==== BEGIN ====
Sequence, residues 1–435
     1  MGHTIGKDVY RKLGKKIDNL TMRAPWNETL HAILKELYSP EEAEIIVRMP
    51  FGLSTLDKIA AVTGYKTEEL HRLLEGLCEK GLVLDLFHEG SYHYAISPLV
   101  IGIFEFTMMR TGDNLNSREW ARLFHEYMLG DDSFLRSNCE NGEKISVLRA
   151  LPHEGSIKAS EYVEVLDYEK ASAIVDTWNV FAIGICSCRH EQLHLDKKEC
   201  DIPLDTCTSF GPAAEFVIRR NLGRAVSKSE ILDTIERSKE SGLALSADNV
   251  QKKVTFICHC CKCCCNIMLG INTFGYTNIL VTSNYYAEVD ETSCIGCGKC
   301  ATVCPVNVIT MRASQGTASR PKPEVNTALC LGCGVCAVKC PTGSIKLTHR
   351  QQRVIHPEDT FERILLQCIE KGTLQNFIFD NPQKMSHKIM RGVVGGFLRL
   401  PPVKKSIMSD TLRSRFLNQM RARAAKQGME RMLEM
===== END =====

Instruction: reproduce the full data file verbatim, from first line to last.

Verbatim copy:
Sequence, residues 1–435
     1  MGHTIGKDVY RKLGKKIDNL TMRAPWNETL HAILKELYSP EEAEIIVRMP
    51  FGLSTLDKIA AVTGYKTEEL HRLLEGLCEK GLVLDLFHEG SYHYAISPLV
   101  IGIFEFTMMR TGDNLNSREW ARLFHEYMLG DDSFLRSNCE NGEKISVLRA
   151  LPHEGSIKAS EYVEVLDYEK ASAIVDTWNV FAIGICSCRH EQLHLDKKEC
   201  DIPLDTCTSF GPAAEFVIRR NLGRAVSKSE ILDTIERSKE SGLALSADNV
   251  QKKVTFICHC CKCCCNIMLG INTFGYTNIL VTSNYYAEVD ETSCIGCGKC
   301  ATVCPVNVIT MRASQGTASR PKPEVNTALC LGCGVCAVKC PTGSIKLTHR
   351  QQRVIHPEDT FERILLQCIE KGTLQNFIFD NPQKMSHKIM RGVVGGFLRL
   401  PPVKKSIMSD TLRSRFLNQM RARAAKQGME RMLEM